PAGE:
This was what happened to a girl called Nika, who showed great potential. Mac's boss, Dr. Joseph Bach is determined to help find her, and brings in the girl's sister, Anna, before The Organization can get to her, too. And also involved in helping find Nika are another of the most powerful Greater-Thans, Stephen Diaz, as well as one of the doctors, Elliott Zerkowski.
This might be a new series, but it's still trademark Brockmann, with a diverse ensemble cast. The focus of the romance here is on Shane and Mac, and it's a pretty good one. Shane is crazy about Mac from the start, and I liked how Brockmann showed that it wasn't just the very strong physical attraction, but liking and affection as well. Mac, however, has quite a few (completely justified) hang-ups, which make her very reluctant to trust these feelings. The thing is that one of the things she can do is to manipulate a powerful attraction to her in men, which is quite useful, but at the same time, makes her very uncertain about how to know when their feelings are real. Interesting issue, but I did think the dynamic between her and Shane got a bit repetitive after a while. Still, on the whole, I really liked it.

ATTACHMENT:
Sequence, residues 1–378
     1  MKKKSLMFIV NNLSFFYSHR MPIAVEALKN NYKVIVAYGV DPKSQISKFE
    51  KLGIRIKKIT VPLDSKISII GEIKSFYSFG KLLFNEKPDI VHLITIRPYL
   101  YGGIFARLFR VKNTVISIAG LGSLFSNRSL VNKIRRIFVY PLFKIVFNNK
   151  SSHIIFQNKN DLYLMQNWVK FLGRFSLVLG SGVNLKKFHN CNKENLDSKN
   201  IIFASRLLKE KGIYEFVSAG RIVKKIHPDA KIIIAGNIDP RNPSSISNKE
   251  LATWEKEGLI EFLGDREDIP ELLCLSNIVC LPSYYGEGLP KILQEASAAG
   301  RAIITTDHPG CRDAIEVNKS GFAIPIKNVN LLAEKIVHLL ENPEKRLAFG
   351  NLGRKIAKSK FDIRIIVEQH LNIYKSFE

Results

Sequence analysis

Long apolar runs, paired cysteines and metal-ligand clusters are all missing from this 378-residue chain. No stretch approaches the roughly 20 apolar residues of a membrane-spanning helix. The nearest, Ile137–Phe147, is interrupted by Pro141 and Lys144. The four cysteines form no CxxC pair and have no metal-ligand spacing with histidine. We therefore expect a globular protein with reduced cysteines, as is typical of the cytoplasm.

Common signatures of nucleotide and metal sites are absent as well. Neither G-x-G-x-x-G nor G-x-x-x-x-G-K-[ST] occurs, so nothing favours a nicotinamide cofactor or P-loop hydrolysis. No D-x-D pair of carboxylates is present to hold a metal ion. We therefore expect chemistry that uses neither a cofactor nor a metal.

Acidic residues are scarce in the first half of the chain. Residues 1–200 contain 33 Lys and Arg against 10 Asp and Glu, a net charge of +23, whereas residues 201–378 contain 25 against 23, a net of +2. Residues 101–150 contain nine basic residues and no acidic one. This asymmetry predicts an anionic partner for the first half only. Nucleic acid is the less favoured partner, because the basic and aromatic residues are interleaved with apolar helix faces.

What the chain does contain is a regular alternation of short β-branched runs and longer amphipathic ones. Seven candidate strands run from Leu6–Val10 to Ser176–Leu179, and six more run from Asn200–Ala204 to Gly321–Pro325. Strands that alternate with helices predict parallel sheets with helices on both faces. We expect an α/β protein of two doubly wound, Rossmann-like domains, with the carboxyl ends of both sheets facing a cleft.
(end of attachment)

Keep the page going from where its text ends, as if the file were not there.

Oh, and I should mention that I did feel a bit disappointed that Brockmann found it necessary to make Mac's main powers be empathy and the power to be irresistibly attractive to men. Can we think of any other powers more stereotypically female? It's weird, because Mac is the least stereotypically femenine person you can think of. Maybe Brockmann was compensating for this? Oh, well, she does use these powers to be a real warrior, fearless and resourceful, so in the end, I was satisfied.
Anyway, we also get a couple of other relationships developing. First there's Elliott and Stephen. Stephen has had a secret crush on Elliott for years, and Elliott never dreamed someone like Stephen, a modern-day superhero, could like nerdy him. Well, everything comes out in the open here, and it was sweet. A bit sappy, I'm afraid, enough that I cringed in embarrassment a couple of times, but I liked them both.
There's also Joseph and Anna, whose relationship is going much more slowly, and is a much more complicated one. It will be good to see what develops there.